I believe bands like Café Tacvba and Kinky have already crossed over. However, with a few exceptions, it seems that the "Latin Alternative" title is given to bands that are critical darlings but can’t bring more than 500 people to a venue to save their lives. This is going on while "over the hill" bands like Maldita Vecindad, Maná, El Tri or the recently reunited Heroes del Silencio, Soda Stereo and Fabulosos Cadillacs bring thousands of fans to their shows and actually tour the U.S. I don’t see any of these “Latin Alternative” bands becoming el relevo, the replacements, the next link for these bands.
Cookman: "Rock en Español" was just a marketing term that came out of the marketing offices of a major label last century – not exactly the center of support and understanding for the genre.
Anyway, it is OK to say that the word "Rock en Español" died – as it really did suck, but to imply that a whole genre of exciting music is not relevant nor is it a force in this country and many others is just a miscalculation on their part. All they need to do is come intern in this office for a week to see how vital it is and what a real business it is. "Rock en Español" is dead. Long live Rock en Español, ha ha ha.
Rodrigo: I hated the term "Rock en Español" from the very beginning. For me it was always Latin alternative. Mostly because a lot of bands were not really just rock.
If you're talking about crossing over to the English speaking population in this country, I think it can. When the English speakers are open to hearing great new music without needing to understand every word in a song – as the rest of the non-English speaking world does – then the crossover will naturally come, but not only for the Latin rock, but for any other Latin genre.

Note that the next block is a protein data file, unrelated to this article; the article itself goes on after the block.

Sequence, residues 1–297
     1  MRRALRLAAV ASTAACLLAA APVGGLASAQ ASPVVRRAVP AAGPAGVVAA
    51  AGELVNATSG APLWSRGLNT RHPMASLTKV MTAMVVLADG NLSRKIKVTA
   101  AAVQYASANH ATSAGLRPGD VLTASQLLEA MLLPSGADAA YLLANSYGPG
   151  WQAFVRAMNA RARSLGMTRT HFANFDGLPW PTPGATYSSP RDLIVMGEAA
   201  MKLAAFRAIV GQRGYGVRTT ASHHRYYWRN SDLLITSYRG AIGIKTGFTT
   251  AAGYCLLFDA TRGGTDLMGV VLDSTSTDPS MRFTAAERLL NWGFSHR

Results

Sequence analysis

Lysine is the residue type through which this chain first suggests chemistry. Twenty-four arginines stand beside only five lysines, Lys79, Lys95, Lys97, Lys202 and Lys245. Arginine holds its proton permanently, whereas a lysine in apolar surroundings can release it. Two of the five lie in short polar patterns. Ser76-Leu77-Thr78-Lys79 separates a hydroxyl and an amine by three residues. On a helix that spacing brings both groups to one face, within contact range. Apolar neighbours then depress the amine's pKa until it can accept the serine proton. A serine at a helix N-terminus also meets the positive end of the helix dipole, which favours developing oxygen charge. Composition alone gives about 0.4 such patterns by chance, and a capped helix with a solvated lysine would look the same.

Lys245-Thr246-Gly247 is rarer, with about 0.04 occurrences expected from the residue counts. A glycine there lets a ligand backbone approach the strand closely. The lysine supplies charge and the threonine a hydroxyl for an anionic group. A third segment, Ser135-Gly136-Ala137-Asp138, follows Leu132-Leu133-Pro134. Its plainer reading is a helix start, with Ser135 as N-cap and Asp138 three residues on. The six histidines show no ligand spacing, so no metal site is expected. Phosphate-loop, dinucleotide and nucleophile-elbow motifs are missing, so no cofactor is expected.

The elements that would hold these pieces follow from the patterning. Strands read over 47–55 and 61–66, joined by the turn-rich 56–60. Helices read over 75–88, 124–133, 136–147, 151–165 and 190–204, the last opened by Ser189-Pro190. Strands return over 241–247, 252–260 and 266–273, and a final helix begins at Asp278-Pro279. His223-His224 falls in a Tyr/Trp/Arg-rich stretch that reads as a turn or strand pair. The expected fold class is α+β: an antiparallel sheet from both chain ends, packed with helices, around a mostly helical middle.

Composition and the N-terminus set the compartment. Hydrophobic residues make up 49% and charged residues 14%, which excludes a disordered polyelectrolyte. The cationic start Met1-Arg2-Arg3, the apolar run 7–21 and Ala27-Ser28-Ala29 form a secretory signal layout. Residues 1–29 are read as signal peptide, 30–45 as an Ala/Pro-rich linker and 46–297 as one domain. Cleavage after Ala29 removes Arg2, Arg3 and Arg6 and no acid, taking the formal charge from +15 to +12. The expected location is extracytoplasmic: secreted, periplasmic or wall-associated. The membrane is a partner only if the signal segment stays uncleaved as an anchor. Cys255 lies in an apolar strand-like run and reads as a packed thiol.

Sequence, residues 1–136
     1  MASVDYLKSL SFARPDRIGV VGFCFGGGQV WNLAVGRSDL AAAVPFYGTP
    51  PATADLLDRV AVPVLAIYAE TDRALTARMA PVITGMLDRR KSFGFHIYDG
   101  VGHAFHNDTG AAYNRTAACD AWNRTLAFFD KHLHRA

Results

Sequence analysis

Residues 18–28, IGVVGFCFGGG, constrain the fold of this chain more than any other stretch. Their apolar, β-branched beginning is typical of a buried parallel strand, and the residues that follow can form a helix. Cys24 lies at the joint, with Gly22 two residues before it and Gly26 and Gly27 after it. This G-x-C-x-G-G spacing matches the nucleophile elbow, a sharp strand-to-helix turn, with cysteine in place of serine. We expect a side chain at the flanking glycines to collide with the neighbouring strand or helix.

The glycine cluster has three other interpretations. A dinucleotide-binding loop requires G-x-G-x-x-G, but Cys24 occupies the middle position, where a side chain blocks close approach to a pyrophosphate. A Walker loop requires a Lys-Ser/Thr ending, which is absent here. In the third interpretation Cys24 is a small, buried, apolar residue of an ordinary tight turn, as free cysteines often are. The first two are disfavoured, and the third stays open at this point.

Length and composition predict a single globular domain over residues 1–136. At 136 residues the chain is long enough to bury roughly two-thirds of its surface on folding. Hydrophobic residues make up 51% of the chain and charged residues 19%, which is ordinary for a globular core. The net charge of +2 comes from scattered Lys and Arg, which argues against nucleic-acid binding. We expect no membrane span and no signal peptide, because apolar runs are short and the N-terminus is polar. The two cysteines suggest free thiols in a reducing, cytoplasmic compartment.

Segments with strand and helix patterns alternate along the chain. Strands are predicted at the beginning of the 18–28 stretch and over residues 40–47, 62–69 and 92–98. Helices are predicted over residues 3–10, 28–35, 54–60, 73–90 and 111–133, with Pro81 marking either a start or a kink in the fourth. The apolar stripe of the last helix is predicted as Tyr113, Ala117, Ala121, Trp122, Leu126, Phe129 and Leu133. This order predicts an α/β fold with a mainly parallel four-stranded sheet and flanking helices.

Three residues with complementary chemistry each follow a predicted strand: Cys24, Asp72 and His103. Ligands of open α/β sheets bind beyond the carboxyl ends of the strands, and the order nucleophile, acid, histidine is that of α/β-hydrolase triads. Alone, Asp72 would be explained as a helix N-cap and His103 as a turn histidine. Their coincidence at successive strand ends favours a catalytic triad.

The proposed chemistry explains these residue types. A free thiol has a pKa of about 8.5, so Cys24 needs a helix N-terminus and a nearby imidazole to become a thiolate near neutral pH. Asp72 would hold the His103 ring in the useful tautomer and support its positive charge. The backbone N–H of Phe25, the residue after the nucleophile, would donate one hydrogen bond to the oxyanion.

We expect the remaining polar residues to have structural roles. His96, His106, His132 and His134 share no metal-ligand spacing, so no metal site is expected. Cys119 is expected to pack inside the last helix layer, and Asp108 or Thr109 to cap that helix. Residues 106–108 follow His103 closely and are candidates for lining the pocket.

Gustavo Fernández: I think that there’s a gray area where Latin rock falls under the Latin umbrella when "Latin" is everything but rock. The U.S. Latin rock culture prefers English-language rock and does not support Latin rock. Nor do clubs. If you can’t have a local scene with a couple of hundred bands then it won’t take off. Anglo rock radio is too corporate (everything is, for that matter) and Latin rock falls through the cracks, big time. We could go on for hours but to develop a scene, artists need to be f**ing great on stage. And play at least 150-plus shows a year. No one does that in the U.S.
Tomas Cookman: Founder of Cookman International and The Latin Alternative Music Conference (LAMC).
Juan Data: DJ and former writer for La Banda Elastica.
Gustavo Fernández: Founder of DLN (DeLaNuca) distribution, an independent Latin music distributor in the U.S.
Camilo Lara: Vice-president of EMI, Mexico. Moonlights as the Mexican Institute of Sound.
Enrique Lavin: Weekend Arts & Entertainment Editor for the New Jersey Star-Ledger newspaper. Former writer for La Banda Elastica magazine and the editor of Ñ Alternative, the Latin alternative section of CMJ magazine.
Jorge Leal: Former Los Angeles concert promoter and writer for Al Borde Magazine and Zona de Obras in Spain. Currently a writer for "Vivo" on mun2.